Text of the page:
That Catholic king was Francis I who in the 16th century openly sided with Suleiman the Magnificent in his Muslim wars on Christians in Eastern Europe.

The reason was simple, as explained by historian John Julius Norwich in Four Princes: Henry VIII, Francis 1, Charles V, and Suleiman the Magnificent and the Obsessions That Formed Modern Europe, Francis I wanted the Muslims to check the expansion of Charles V’s Hapsburg Empire as well as weaken it internally.

The beginning of what became known as the Franco-Ottoman alliance began in 1526, a year after a humiliating defeat of the French army by Charles V. After spending several months in prison, Francis I was forced to sign the Treaty of Madrid giving away significant territorial possessions to the Hapsburg ruler. The King of Francis immediately sent secret letters  Suleiman’s court in Constantinople seeking an alliance against Charles V.

Francis made his intentions to clear throughout Europe and Great Britain. As he would say to an Italian ambassador in 1531:

“I cannot deny that I wish to see the Turk all-powerful and ready for war, not for himself – for he is an infidel and we are all Christians – but to weaken the power of the emperor, to compel him to make major expenses, and to reassure all the other governments who are opposed to such a formidable enemy.”

Francis I himself was made ready for war, as a result of the alliance. For example, he was given use of the naval power of the Barbary Pirates, who held thousands of Catholics as slaves in their territory across the southern rim of the Meditteranean, to take control of Hapsburg land in on the Italian coast.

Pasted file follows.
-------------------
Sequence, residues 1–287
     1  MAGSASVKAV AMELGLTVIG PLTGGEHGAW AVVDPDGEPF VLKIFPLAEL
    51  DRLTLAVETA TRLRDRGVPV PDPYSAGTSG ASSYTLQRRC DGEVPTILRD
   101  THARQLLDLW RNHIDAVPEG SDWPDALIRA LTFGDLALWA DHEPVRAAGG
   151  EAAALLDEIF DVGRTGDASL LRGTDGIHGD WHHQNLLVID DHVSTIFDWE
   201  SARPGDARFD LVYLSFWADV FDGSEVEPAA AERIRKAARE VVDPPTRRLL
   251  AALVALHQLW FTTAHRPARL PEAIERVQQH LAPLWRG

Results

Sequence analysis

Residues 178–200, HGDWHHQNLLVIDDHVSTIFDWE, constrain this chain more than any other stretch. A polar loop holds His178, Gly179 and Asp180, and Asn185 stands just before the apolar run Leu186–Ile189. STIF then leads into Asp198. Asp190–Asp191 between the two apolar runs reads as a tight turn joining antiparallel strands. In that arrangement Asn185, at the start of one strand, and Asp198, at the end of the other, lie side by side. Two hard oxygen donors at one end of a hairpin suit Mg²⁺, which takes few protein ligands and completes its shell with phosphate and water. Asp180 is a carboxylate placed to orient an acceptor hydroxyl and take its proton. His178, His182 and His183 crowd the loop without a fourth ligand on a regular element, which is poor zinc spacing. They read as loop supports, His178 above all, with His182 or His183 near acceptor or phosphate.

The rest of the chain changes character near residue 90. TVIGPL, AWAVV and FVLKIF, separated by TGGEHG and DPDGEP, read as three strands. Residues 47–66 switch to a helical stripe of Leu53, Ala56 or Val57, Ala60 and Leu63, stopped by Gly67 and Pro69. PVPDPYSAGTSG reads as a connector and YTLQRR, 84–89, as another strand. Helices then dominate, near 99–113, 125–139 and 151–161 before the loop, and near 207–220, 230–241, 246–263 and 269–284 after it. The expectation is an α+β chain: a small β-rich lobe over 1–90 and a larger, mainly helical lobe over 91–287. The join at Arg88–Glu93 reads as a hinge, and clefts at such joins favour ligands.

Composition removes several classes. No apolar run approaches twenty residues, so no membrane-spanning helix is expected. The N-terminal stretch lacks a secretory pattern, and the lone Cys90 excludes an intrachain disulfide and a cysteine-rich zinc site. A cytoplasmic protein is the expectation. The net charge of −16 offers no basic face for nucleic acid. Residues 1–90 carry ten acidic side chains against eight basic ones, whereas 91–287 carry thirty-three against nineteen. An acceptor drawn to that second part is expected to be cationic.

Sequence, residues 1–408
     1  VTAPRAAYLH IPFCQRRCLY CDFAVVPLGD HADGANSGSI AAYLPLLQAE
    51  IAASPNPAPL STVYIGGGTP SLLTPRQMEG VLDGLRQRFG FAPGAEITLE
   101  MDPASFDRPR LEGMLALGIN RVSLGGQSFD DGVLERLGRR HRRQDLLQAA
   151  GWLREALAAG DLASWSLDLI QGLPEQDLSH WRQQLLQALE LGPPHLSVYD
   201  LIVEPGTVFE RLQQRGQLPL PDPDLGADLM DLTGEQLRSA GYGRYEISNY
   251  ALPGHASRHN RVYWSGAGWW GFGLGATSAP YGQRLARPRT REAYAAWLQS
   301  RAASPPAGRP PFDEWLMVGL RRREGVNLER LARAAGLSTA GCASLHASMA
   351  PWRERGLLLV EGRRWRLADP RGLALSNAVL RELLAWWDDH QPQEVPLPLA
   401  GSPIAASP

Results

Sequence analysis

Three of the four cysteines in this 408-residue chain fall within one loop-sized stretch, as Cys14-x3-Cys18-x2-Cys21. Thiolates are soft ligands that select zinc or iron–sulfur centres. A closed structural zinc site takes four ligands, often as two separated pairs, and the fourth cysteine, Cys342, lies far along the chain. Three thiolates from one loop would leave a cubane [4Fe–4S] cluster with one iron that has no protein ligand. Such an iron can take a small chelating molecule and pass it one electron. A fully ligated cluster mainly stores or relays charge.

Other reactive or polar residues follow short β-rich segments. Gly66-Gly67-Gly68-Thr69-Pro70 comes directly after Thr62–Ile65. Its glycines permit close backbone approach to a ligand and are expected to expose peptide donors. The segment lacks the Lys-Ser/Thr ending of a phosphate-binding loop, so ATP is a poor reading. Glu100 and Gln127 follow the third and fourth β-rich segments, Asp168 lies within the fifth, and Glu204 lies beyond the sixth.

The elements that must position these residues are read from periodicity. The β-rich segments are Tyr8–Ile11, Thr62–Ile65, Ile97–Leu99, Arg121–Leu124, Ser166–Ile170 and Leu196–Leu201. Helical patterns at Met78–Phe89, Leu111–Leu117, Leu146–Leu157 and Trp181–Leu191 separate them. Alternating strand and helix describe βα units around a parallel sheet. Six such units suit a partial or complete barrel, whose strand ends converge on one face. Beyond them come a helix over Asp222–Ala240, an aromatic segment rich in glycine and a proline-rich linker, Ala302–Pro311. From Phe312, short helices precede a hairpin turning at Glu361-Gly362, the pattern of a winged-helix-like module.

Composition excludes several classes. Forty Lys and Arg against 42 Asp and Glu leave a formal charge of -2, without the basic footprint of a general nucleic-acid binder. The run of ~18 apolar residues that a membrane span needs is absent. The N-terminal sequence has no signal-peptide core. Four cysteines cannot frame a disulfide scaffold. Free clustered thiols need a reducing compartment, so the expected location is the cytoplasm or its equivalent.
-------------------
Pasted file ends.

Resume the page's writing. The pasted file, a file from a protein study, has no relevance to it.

Norwich points out that the French alliance with the Ottoman empire led Charles V to seek reconciliation with the Protestant movement in Northern Germany led by Martin Luther.  Charles V was already fighting on two fronts, France to the east, the Turks to the west, and needed military support rather than more conflict from German princes to the north.

This Catholic-Muslim alliance continued in various, but substantial, ways over two centuries until Napoleon attacked Egypt in 1798. The French would reassert their presence in the Middle East at the end of WWI through the Treaty of Versailles which put control of the former Ottoman lands under France and Great Britain.

I consider this as another example in the long history of self-professed Christian leaders who have sold-out their faith and the faithful for political gain, for power.